I'm Chris - or Christopher - or Mr. Dean - or Master Christopher - or just plain Sir. I'm a self-professed foodie. I love to cook and I take great pleasure in all things edible. My husband and I are relatively new to Portland, Oregon and are enjoying our culinary explorations of the area!
Food is NOT just fuel!
Thursday, December 8, 2011
It’s funny – rabbit is a delicacy. I remember having it as a kid because people in my family hunted (we also had squirrel, lots of deer, and lots of catfish). The first time I had it again, but in a much more delicate and delicious way, was at Lucien on 1st Avenue (at 1st Street) in NYC. It’s braised and served in a delicious mustard sauce, with some huge papardelle noodles. Simply outstanding!!
A few years back I got a whole fryer rabbit from the online store D’Artagnan and attempted to make a recipe by Tyler Florence. It was okay, but I was convinced I had done something wrong. So last week, I tried it again. I picked up a rabbit from New Seasons and pulled out the same recipe for braised rabbit. Oddly enough every rabbit I’ve ever bought comes with a few of the organs still attached inside. Not sure why, not sure I need to do the research to figure out why. I just tore them out and went along my merry way. You do need to chop up the rabbit – it’s not as simple as a chicken (pre-defined sections). I did remove all 4 legs, and then I simply cut across the spine to make 4 more pieces of rabbit. The back has a lot of delicious meat on it, and it’s best to eat it right off the bone. We ended up with 2 legs each (one with a meaty thigh), and 2 pieces of the back (or loin of rabbit, if you will).
It’s an interesting recipe that calls for lots of black olives – something that truly dismayed me initially. Don’t get me wrong, I love black olives. I have fond memories of the black & green olive plate that was out at every single big family feast as a kid. But I wasn’t sure how they were going to incorporate into the braised rabbit dish. Boy was that hesitation unfounded!!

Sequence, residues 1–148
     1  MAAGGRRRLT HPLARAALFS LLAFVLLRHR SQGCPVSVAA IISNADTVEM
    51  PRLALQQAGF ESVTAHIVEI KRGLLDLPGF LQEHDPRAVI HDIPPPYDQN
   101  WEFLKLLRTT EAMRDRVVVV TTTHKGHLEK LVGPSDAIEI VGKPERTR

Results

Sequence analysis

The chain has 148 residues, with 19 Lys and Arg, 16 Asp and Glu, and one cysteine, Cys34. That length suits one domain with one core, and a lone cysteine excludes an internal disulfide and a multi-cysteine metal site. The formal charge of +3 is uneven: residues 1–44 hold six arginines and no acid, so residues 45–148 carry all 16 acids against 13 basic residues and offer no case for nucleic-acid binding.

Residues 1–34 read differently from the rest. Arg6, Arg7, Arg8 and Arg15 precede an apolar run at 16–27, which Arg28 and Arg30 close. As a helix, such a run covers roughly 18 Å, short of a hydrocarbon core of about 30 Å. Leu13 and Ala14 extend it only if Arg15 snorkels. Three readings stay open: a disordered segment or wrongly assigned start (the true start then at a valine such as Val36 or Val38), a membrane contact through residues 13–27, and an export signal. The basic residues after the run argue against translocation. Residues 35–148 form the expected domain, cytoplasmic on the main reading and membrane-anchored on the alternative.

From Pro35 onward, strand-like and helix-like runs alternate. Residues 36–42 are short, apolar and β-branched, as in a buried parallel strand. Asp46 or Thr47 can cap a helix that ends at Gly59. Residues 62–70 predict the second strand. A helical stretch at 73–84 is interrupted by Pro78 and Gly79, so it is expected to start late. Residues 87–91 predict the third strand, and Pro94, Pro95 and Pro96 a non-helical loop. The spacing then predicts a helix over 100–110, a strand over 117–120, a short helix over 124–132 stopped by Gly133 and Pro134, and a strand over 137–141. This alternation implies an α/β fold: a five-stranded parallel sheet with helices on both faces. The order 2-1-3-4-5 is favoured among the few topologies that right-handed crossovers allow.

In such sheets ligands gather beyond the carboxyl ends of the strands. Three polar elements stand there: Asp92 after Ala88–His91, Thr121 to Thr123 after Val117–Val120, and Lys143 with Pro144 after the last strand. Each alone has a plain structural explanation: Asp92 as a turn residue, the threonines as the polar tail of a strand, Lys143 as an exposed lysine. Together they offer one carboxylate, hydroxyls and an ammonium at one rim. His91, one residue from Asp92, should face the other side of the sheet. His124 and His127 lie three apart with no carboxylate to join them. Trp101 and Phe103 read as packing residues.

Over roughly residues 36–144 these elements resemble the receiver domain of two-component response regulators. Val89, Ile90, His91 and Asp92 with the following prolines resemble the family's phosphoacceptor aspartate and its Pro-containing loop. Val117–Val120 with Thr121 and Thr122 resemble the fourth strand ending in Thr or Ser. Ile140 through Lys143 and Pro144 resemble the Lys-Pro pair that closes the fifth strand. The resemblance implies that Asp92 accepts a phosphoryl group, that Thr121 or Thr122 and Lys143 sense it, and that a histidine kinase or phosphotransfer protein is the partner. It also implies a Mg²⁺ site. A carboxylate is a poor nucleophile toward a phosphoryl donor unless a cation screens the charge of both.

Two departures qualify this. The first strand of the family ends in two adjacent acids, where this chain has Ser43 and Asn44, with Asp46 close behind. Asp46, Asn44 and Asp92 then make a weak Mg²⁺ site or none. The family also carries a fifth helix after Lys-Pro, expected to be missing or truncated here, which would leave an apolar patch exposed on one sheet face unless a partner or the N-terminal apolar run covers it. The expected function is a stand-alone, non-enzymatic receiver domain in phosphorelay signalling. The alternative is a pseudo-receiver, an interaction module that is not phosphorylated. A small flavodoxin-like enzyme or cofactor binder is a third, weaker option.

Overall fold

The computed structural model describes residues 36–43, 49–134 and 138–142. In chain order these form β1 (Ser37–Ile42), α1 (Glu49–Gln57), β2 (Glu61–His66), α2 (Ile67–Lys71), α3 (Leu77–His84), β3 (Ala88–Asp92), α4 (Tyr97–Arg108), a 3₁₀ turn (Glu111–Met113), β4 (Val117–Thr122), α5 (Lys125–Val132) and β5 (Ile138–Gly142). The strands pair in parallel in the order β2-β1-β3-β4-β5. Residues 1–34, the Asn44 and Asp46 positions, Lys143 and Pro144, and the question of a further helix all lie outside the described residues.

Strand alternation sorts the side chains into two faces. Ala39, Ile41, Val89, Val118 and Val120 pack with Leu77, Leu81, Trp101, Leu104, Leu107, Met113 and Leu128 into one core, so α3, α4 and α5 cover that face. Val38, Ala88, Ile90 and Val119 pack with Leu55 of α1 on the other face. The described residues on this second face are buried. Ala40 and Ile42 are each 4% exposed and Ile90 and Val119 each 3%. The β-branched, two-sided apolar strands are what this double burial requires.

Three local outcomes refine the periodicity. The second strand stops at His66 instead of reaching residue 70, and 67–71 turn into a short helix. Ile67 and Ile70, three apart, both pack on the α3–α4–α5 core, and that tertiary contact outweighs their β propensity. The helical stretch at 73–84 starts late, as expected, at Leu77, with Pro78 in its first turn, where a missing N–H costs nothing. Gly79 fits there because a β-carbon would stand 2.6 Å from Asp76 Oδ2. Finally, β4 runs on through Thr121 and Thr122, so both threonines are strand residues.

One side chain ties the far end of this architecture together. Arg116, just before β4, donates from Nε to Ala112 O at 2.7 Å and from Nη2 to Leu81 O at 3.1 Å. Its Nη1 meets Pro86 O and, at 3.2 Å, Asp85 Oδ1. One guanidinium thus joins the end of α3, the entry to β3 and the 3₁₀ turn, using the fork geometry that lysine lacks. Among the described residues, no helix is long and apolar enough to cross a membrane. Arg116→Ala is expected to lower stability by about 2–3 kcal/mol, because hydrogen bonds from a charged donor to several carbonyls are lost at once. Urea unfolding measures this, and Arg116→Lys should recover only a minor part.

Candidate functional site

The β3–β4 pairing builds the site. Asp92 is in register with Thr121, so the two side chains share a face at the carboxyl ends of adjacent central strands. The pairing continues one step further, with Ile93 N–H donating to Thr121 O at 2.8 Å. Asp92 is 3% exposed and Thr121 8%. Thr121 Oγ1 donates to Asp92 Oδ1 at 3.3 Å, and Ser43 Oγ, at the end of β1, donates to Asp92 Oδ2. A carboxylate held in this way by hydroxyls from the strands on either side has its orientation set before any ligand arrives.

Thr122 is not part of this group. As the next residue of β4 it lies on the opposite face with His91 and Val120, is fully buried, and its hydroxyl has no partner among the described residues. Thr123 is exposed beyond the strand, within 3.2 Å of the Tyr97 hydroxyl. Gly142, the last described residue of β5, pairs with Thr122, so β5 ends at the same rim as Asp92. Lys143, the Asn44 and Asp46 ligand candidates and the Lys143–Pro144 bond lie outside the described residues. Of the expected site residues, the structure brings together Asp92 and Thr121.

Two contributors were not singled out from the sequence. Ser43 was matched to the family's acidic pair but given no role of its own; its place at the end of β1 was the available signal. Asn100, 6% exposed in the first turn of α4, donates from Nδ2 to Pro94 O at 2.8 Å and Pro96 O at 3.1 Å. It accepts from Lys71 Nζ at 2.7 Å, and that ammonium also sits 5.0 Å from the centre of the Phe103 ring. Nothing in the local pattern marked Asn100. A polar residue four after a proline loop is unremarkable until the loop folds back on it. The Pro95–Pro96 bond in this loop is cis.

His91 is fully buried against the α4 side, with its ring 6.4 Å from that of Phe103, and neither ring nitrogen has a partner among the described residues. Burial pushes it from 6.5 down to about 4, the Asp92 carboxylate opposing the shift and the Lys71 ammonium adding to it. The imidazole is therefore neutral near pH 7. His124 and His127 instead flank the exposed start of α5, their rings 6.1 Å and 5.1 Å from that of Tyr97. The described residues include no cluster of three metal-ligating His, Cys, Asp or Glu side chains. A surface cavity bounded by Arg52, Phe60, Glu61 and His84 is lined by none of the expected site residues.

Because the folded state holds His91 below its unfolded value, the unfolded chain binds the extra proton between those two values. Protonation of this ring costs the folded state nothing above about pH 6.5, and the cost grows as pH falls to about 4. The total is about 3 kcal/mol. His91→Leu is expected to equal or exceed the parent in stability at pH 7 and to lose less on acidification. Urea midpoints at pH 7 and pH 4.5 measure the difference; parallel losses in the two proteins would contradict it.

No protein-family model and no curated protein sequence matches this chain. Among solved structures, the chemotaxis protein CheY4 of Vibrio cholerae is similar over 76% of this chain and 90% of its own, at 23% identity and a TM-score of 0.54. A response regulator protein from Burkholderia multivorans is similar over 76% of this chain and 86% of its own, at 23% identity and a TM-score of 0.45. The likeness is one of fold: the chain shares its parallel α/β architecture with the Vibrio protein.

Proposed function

The key to the recipe is the reduction of the sauce at the end. Really, really reduce it. I mean it needs to be thick and delicious. PLUS I made a little addition to the sauce at the end – 2 Tbl butter, and salt & pepper (based on flavor – taste first to see if it actually needs it). The butter made all the freaking difference in the world. The rabbit was tender and moist, and I piled the pieces up over a mash mixture of potatoes and sweet potatoes. Then I liberally poured the sauce over top and piled up oodles of black olives. Here’s the amazing part – as the sauce reduces, the olives suck up so much flavor! They were outstanding!! Truly a decadent meal, and one that is staying in my collection of recipes!! Seriously, I could not stop gushing over the sauce - it was pure taste bliss!
Tyler Florence suggests a side dish of caramelized radicchio with a salsa verde. I didn’t care for the salsa verde – so I simply caramelized some radicchio (one head of radicchio cut in half, sautéed in some olive oil over low heat for 15 to 20 minutes – flipping often – until caramelized and delicious), and then I drizzled the halves with olive oil & balsamic vinegar.
[NOTE: original calls for 2 rabbits, so this is my ½’d version with my own additions]
1 whole rabbit, cut into thigh sized pieces (as described above)
2 cups flour
1 Tbl minced Thyme
1 Tbl minced Oregano
4 Tbl olive oil
4 cloves garlic
1 bunch fresh Rosemary
1 whole red hot pepper
1 ½ cups black olives
½ bottle white wine
2 – 3 cups chicken stock
Parsley for garnish (oops…I forgot to garnish)
Preheat the oven to 400 degrees F.
In a shallow bowl, combine flour, thyme, oregano, salt and pepper. Dredge the rabbit in the seasoned flour and set aside.
In a large pot (I used my dutch oven), heat the olive oil and fry the garlic, rosemary and pepper to infuse the oil with their flavors. Remove the items from the infused oil and set aside for use later. Place the seasoned rabbit pieces in the pot and cook for 5 – 7 minutes (original says 7 – 10 minutes, but as soon as you get a nice golden brown you’re good to remove the rabbit) on both sides until the meat is golden brown. Add the reserved rosemary, garlic and pepper back into the pot. Add the olives (whole), wine and chicken stock. Move things about a bit just to make sure none of the rabbit is stuck to the bottom. Place the pot in the oven, uncovered, for 40 minutes (original says 30 – I pushed it to 40, use your judgment on the done-ness of the rabbit).
Once the rabbit is cooked through and tender, remove the pieces of rabbit from the pot and set aside (big slotted spoon works best). Over relatively high heat, bring the sauce to a boil and reduce. Reduce it to the point the sauce coats the back of a pan. Another of my favorite tests is to drag your spoon or spatula along the bottom of the pan – if you can see the bottom of the pan for about a second before the sauce falls back into place, it’s thick enough! Pour the sauce over the rabbit and serve!